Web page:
UPDATED 07/19/2017: Department Of State Clarifies Enforcement of Travel Ban

July 19, 2017

UPDATE: The definition of “close family” in Executive Order 13780 has been expanded.

The District Court in Hawaii ruled that in addition to what was previously defined as “close family” now also includes “grandparents, grandchildren, brothers-in-law, sisters-in-law, aunt and uncles, nephews and nieces, and cousins.”

The previous U.S. government guidance defined “close family” as “parent (including parent-in-law), spouse, fiancé, child, adult son or daughter, son-in-law, daughter-in-law, sibling, whether whole or half, and including step relationships.”

Source: American Immigration Lawyers Association

June 30, 2017


The Department of State issued a cable at approximately 8:00pm EST on June 28, 2017 issuing guidance about the enforcement of Executive Order 13780, which took effect at 8:00pm EST on June 29, 2017. The travel ban is to be enforced exclusively against foreign nationals from Iran, Libya, Somalia, Sudan, Syria and Yemen who ‘lack of a bona fide relationship with a person or entity in the United States.’

Foreign nationals of the affected countries who are otherwise eligible for visas but who do not have a qualifying relationship may request a waiver.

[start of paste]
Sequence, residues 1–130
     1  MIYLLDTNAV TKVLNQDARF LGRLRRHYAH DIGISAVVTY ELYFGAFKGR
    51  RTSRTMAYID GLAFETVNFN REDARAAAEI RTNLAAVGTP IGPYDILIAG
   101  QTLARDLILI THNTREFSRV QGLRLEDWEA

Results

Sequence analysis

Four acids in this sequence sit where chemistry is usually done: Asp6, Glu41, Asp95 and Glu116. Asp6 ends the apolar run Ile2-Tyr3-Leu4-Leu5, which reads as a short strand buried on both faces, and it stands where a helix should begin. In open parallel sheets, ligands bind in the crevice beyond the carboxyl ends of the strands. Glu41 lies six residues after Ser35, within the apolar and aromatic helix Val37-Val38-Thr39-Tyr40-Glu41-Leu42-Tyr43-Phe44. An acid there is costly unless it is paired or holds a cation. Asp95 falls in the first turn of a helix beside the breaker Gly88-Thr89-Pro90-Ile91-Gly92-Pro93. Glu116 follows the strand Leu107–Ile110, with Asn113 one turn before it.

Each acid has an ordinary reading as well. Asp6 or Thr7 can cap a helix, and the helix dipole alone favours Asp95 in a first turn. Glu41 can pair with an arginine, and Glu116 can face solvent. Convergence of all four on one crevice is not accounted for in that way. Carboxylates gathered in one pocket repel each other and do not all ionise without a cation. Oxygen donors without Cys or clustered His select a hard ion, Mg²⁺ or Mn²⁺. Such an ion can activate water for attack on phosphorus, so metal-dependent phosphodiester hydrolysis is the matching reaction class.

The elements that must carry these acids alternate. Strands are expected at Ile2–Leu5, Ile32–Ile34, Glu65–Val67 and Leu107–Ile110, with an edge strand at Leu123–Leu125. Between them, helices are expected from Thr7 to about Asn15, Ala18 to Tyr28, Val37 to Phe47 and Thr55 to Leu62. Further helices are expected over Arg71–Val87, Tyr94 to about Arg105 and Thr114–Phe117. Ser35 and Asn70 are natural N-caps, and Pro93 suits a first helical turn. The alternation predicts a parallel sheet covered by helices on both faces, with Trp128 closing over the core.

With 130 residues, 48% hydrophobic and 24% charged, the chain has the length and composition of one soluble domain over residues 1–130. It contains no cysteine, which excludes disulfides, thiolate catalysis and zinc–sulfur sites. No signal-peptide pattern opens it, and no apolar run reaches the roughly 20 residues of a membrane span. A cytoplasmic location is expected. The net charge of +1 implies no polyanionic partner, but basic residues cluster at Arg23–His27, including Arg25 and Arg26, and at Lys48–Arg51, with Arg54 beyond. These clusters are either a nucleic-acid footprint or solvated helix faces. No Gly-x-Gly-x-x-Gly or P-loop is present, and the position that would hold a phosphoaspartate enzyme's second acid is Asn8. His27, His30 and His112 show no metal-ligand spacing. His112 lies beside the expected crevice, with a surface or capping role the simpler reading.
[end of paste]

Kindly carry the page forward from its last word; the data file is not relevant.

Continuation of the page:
For specific questions about how the travel ban applies to you, a friend, or a family member, please contact us directly to speak with an attorney.

A qualifying relative is defined by the DOS cable as a: ‘parent (including parent-in-law) spouse, fiancé, child, adult son or daughter, son-in-law, daughter-in-law, sibling, whether whole or half.’ Notably, “close family” does not include grandparents, grandchildren, aunts, uncles, nieces, nephews, cousins, siblings-in-law, and other extended family members.

A waiver may be issued on a case-by-case basis at the discretion of the consular officer. A waiver of the executive order would successfully result in the issuance of a visa if the officer is satisfied that an applicant meets all three of the following criteria:

1) denying entry would cause undue hardship;

2) entry would not pose a threat to national security; and

3) entry would be in the national interest.

Examples of circumstances that will generally be approvable (with the exception of cases where a consular officer determines that visa issuance is not in the national interest):

a.) You have already established significant contacts with the U.S., but you are outside of the country on the effective dates of the Executive Order for work, study, or other lawful activity;

 b.) You seek to enter the U.S. for significant business or professional obligations, and these obligations would be impaired by the denial of your entry;

c.) You are an infant or young child, adoptee, someone needing urgent medical care, or someone whose specific circumstance warrants entry to the U.S.;

For more information, read the complete text of the DOS cable and the Department Of State FAQ Page related to implementation of the ban.

Our original post about the travel ban can be found here.